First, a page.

Why do stars appear pointed in images from the James Webb Space Telescope?

Why do stars appear pointed in images from the James Webb Space Telescope?
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stars New images from the James Webb Space Telescope they look sharper than before. And I’m not just talking about the image quality, which is amazing. I’m talking about the fact that most of the bright stars in the images have very prominent spikes like Christmas ornaments, or as one of my colleagues put it, “It looks like a JJ Abrams promotional poster and I love it. ”

But this is not the case too much lens flare. These are diffraction increments, and if you look closely, you’ll see that all the bright objects in the JWST images have the same eight-dot pattern. The brighter the light, the more pronounced the feature. fainter objects such as nebulae or galaxies Don’t be inclined to see much of this distortion.

This diffraction spike pattern is unique to JWST. if you compare pictures Taken by the new telescope into images taken by its predecessor, you’ll notice that Hubble has only four diffraction spikes versus eight of the JWST. (Two of the JWST’s spikes can be very faint, so it sometimes looks like there are six.)

The shape of the diffraction spikes is determined by the telescope’s hardware, so let’s start with a quick refresher of the important bits. Both Hubble and JWST reflecting telescopes, which means they collect light from the universe using mirrors. Reflecting telescopes have a large primary mirror that collects light and reflects it to a smaller secondary mirror. this secondary mirror Space telescopes help direct that light into scientific instruments that transform it into all the wonderful images and data we’re seeing now.

Both primary and secondary mirrors contribute to their diffraction boosts, but in slightly different ways. Light is refracted or bent around objects such as mirror edges. Therefore, as the light interacts with the edges of the mirror, the shape of the mirror can cause these light bounces. In Hubble’s case, the mirror was round, so it didn’t add to the sharpness. However, JWST has hexagonal mirrors that result in an image with six diffraction spikes.

A picture of a person standing next to a round, silvery-bellied mirror.  on the left is the much larger JWST primary mirror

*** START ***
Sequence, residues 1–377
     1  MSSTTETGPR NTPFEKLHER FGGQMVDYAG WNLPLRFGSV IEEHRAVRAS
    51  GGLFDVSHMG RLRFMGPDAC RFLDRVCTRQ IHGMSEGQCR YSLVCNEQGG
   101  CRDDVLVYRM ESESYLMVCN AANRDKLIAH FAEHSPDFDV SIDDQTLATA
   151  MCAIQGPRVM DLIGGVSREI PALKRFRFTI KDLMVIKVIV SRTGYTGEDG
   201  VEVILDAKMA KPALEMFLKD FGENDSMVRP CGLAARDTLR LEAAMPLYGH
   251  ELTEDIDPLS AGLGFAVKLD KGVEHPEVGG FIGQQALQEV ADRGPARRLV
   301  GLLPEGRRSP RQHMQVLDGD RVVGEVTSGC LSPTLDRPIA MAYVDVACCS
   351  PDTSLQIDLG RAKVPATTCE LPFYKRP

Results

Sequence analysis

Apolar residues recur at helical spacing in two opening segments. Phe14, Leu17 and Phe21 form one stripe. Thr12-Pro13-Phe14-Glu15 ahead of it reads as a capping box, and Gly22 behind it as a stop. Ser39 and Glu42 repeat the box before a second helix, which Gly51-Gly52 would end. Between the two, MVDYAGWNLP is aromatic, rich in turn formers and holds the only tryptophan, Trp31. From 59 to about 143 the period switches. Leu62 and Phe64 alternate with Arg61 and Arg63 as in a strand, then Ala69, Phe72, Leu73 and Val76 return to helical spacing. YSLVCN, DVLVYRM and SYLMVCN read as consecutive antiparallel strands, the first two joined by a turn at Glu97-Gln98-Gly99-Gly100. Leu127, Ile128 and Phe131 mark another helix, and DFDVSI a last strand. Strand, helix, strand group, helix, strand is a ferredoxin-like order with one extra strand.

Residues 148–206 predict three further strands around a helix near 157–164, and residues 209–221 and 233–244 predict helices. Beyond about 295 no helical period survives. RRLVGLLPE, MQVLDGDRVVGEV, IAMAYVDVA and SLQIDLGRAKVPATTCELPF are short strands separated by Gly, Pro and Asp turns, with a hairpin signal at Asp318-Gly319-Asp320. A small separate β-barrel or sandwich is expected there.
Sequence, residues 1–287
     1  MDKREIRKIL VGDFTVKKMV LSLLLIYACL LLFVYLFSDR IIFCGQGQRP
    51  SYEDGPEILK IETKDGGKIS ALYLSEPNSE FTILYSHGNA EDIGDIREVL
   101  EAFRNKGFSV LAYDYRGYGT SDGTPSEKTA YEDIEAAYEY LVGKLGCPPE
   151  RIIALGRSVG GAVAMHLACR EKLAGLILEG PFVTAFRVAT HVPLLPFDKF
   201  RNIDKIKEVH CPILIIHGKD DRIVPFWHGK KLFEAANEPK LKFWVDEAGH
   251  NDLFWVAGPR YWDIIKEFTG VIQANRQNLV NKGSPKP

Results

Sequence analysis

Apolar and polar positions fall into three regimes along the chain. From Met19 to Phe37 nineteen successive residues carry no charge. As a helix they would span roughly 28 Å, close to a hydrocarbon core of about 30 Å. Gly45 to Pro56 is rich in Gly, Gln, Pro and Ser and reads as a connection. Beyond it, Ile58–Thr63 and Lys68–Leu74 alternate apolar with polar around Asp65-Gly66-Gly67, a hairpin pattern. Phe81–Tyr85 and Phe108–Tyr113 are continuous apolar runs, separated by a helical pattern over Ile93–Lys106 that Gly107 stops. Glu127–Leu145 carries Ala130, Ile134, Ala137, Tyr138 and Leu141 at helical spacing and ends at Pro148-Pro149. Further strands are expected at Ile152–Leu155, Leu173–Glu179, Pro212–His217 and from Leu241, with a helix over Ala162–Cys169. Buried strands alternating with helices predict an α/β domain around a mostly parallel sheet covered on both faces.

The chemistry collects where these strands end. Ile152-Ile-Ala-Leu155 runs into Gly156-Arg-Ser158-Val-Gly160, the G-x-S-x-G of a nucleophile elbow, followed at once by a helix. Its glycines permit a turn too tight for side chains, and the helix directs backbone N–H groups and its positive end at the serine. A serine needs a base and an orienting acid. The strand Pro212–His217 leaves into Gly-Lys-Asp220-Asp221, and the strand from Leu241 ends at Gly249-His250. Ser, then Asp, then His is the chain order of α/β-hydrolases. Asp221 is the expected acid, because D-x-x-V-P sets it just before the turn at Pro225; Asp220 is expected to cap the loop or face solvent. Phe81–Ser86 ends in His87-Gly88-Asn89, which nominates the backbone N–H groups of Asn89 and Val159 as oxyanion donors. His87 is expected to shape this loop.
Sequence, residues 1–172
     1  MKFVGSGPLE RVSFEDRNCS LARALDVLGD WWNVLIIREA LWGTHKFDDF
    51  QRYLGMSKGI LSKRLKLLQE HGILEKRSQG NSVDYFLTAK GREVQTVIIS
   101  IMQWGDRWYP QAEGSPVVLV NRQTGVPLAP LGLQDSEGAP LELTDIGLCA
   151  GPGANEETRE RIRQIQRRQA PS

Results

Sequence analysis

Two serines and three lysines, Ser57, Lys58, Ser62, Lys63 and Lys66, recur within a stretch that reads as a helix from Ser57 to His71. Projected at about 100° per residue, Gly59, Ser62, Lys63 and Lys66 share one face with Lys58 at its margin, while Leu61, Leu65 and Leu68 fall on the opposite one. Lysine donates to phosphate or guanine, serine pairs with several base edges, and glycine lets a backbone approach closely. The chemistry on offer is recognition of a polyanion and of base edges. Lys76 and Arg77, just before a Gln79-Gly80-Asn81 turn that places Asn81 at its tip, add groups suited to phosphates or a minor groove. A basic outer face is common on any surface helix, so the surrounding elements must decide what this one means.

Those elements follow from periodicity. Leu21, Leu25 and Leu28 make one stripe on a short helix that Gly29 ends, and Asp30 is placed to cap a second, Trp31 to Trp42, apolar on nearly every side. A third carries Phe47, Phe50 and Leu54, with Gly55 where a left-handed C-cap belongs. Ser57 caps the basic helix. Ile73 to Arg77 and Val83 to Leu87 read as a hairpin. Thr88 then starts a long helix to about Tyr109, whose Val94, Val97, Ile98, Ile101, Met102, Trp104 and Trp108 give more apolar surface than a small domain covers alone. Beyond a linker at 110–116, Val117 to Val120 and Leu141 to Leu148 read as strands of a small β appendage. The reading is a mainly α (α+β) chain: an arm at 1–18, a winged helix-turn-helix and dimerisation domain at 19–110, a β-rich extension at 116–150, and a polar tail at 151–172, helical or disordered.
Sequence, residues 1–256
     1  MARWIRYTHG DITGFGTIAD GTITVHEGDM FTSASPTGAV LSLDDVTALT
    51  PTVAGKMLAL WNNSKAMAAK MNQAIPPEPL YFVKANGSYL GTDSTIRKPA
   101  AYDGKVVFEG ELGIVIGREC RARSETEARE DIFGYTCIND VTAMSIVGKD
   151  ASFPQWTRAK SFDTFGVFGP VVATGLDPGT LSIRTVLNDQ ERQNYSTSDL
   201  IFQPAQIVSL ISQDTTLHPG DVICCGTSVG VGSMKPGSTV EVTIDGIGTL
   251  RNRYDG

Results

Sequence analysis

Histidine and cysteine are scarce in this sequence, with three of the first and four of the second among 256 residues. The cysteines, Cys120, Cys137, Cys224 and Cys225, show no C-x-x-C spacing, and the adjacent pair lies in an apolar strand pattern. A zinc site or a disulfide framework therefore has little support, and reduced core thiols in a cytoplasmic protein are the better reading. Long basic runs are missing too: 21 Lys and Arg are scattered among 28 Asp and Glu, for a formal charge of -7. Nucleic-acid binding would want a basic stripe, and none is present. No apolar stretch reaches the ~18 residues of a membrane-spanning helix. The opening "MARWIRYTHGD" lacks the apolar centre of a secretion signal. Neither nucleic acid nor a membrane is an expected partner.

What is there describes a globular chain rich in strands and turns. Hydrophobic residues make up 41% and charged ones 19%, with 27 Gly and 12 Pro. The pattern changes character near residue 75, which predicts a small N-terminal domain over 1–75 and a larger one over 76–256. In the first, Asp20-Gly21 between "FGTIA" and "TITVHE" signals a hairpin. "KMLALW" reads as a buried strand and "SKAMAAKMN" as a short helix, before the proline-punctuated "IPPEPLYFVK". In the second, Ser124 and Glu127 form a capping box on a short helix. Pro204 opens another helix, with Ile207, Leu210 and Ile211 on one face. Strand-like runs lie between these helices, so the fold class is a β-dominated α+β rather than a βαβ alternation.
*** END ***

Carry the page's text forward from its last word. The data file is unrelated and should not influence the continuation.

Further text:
Image: NASA

There is also a secondary mirror. The secondary mirrors are smaller than the primary mirrors and are held at some distance from the primary mirror by struts. In case of JWST, buttresses are 25 feet long. Light passing through these struts is refracted, resulting in more spikes, each perpendicular to the strut itself.

In Hubble’s case, its four supports resulted in four different spikes that you see in the Hubble pictures. The JWST has three struts holding its secondary mirror, resulting in six spikes.

JWST with its struts during cryogenic tests on Earth.
Image: NASA

That’s too much distortion. To minimize the number of diffraction spikes, the JWST was designed so that four of the spikes caused by the perpendiculars overlap with four of the spikes caused by the mirror. This leaves the eight diffraction spikes that will soon become iconic of a JWST image.

Some of the spikes will appear more or less visible depending on which instrument is processing the light. This is most noticeable in the JWST images released this week of the Southern Ring Nebula.

Two JWST images of the Southern Ring Nebula.
Image: NASA, ESA, CSA and STScI

The image on the left was taken by JWST’s NIRCam, which collects near-infrared light. The one on the right was taken by the telescope’s MIRI instrument, which picked up mid-infrared light. “In near-infrared light, stars have more pronounced diffraction spikes because they are so bright at these wavelengths.” explanation Says published by the Space Telescope Science Institute. “In mid-infrared light, diffraction spikes are also visible around stars, but they are fainter and smaller (zoom in to detect them).

If you want a visual of how diffraction spikes work in JWST, check out the handy infographic below. From NASA and the Space Telescope Science Institute:

This is a diagram labeled

This infographic contains a lot of text. For a text-based description, Please click here.
Image: NASA, ESA, CSA, Leah Hustak (STScI), Joseph DePasquale (STScI)


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